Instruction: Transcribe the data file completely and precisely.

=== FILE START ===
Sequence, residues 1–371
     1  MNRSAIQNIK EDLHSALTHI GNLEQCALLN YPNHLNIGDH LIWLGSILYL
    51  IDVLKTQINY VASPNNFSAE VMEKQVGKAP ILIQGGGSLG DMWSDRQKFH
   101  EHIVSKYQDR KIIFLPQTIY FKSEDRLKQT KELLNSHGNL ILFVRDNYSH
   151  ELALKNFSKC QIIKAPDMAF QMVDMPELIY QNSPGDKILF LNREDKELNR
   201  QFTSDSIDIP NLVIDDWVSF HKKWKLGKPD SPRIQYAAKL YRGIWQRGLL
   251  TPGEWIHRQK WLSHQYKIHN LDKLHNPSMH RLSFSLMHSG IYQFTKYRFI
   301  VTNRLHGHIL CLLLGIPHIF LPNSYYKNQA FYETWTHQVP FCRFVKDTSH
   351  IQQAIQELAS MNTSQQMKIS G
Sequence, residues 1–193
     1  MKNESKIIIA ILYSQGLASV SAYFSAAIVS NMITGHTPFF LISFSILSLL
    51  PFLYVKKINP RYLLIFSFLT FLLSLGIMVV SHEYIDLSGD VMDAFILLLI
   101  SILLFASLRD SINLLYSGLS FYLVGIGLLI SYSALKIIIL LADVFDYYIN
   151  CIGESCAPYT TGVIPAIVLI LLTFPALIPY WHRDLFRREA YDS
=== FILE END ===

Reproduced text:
Sequence, residues 1–371
     1  MNRSAIQNIK EDLHSALTHI GNLEQCALLN YPNHLNIGDH LIWLGSILYL
    51  IDVLKTQINY VASPNNFSAE VMEKQVGKAP ILIQGGGSLG DMWSDRQKFH
   101  EHIVSKYQDR KIIFLPQTIY FKSEDRLKQT KELLNSHGNL ILFVRDNYSH
   151  ELALKNFSKC QIIKAPDMAF QMVDMPELIY QNSPGDKILF LNREDKELNR
   201  QFTSDSIDIP NLVIDDWVSF HKKWKLGKPD SPRIQYAAKL YRGIWQRGLL
   251  TPGEWIHRQK WLSHQYKIHN LDKLHNPSMH RLSFSLMHSG IYQFTKYRFI
   301  VTNRLHGHIL CLLLGIPHIF LPNSYYKNQA FYETWTHQVP FCRFVKDTSH
   351  IQQAIQELAS MNTSQQMKIS G
Sequence, residues 1–193
     1  MKNESKIIIA ILYSQGLASV SAYFSAAIVS NMITGHTPFF LISFSILSLL
    51  PFLYVKKINP RYLLIFSFLT FLLSLGIMVV SHEYIDLSGD VMDAFILLLI
   101  SILLFASLRD SINLLYSGLS FYLVGIGLLI SYSALKIIIL LADVFDYYIN
   151  CIGESCAPYT TGVIPAIVLI LLTFPALIPY WHRDLFRREA YDS